Yeung, in a Legislative Council meeting, also said that there are different opinions in the city, with some saying only professionals of the education sector should regulate teachers’ behaviours and conduct.

In the meeting lawmaker Tommy Cheung yu-yan concerned that the current Code for the Education Profession was set in 1990, and urged the government to update the code as it already became an outdated version after 30 years.

Yeung responded that the bureau will study the T-standard+ and the Code when handling misconduct files of teachers. Yet it is more important whether the speeches and behaviours of the teachers breach the common moral standard of the society, endanger students’ growth and bring negative effect on students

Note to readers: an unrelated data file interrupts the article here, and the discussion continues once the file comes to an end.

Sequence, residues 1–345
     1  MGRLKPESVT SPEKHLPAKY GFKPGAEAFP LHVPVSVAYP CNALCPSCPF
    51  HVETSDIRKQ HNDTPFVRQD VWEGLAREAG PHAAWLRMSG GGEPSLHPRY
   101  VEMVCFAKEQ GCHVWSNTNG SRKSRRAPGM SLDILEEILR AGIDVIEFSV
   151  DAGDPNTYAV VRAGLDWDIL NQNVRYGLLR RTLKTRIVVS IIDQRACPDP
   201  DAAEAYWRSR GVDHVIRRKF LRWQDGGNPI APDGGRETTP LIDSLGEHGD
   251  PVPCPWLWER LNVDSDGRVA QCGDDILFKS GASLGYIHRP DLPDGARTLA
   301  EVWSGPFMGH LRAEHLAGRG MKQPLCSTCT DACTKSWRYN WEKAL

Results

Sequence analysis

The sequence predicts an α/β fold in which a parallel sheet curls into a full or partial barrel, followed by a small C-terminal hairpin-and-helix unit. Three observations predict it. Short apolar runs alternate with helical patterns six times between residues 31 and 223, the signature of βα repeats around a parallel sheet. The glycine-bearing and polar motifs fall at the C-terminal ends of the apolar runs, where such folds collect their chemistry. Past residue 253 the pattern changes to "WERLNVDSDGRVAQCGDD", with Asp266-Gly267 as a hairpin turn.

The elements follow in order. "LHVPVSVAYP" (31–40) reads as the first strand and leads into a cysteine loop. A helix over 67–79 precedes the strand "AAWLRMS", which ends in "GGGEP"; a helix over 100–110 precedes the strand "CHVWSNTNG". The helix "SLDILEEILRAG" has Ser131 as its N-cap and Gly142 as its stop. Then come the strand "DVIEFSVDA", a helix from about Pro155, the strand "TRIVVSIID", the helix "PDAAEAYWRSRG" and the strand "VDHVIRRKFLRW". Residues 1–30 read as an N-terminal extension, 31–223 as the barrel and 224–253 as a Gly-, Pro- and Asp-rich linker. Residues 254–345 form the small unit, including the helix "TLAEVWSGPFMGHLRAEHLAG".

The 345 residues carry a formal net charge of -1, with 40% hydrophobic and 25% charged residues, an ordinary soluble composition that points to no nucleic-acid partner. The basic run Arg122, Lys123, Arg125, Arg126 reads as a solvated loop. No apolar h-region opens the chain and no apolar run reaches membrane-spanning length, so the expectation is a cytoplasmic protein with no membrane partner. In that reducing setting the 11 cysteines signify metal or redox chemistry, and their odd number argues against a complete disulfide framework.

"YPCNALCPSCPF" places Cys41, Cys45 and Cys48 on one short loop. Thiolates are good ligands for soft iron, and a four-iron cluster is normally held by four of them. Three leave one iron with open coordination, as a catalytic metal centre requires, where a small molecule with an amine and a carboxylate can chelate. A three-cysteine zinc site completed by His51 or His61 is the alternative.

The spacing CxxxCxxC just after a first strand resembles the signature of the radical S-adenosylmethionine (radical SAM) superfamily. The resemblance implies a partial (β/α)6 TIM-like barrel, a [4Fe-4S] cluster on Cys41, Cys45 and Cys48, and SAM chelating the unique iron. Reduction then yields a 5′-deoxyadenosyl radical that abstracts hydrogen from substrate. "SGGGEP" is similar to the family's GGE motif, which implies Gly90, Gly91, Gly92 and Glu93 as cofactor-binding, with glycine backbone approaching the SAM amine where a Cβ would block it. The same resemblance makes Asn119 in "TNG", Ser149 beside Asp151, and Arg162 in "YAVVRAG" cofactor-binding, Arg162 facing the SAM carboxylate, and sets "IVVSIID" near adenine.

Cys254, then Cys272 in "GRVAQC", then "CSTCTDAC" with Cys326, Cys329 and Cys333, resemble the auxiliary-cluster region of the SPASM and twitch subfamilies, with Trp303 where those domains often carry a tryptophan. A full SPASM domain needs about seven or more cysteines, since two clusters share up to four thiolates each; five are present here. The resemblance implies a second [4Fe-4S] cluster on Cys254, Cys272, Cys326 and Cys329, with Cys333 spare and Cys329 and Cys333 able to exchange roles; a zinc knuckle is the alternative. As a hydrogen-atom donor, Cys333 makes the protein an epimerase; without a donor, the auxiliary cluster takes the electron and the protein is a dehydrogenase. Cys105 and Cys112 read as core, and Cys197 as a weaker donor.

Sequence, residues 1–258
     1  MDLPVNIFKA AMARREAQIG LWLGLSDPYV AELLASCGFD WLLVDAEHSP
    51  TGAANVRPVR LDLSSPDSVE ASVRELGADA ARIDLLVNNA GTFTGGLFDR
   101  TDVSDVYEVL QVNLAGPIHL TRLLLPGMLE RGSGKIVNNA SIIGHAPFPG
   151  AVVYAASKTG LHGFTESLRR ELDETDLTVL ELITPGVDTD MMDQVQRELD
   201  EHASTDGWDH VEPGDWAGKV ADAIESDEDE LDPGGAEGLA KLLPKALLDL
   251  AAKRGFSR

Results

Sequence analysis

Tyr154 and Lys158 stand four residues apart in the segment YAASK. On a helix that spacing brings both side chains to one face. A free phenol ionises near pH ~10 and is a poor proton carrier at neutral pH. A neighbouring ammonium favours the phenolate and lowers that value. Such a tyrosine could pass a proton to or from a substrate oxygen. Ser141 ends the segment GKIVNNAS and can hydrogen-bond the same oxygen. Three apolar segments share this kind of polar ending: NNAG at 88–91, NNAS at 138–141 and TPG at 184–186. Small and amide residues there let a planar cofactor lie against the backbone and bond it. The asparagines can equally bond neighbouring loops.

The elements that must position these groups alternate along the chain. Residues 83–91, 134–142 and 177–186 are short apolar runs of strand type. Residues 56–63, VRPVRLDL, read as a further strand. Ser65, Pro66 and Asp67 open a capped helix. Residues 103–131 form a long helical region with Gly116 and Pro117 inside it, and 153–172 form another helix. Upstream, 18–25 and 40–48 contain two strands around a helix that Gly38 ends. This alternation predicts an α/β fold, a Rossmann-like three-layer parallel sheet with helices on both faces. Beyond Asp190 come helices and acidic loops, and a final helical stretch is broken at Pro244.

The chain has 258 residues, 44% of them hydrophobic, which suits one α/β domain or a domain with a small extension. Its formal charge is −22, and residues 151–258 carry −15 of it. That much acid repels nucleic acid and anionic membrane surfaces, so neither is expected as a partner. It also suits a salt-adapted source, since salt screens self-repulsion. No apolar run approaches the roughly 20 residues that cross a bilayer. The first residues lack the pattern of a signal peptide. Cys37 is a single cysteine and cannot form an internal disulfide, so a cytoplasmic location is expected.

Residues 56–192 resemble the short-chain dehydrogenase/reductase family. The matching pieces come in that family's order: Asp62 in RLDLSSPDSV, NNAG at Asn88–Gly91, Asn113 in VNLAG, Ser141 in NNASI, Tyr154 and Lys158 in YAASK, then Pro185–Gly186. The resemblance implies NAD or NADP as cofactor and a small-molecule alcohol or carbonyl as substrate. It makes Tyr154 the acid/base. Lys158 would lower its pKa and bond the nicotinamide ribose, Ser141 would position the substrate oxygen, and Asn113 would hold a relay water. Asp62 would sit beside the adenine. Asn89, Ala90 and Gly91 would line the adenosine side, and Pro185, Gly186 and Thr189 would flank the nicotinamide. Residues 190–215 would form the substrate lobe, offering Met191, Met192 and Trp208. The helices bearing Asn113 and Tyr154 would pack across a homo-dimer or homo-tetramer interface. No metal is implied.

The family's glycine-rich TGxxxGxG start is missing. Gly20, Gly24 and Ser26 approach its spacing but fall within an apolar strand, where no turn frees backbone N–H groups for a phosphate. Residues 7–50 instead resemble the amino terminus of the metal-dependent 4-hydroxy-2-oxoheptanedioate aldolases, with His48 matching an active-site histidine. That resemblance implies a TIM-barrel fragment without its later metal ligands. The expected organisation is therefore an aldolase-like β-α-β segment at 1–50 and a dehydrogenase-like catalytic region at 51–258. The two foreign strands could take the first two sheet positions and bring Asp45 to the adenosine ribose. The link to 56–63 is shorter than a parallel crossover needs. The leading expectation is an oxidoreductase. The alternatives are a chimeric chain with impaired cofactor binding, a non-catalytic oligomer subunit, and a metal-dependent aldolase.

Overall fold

He added that the bureau received 269 complaints about teachers’ misconduct during the social unrest. Among those complaints the bureau has issued reprimand letters, warning letters or verbal warnings to 154 teachers, and cancelled the registration of three teachers.

Yeung added that the bureau always respects the professionalism of teachers. He emphasised that professional autonomy does not mean letting teachers go completely free. Their teaching and assessments must fulfil the structure and requirements of the course.

Yeung added that teachers could not advocate their personal political stand to students, send incorrect or biased information to students, or spread messages of hatred or discrimination that violate the society’s moral standards.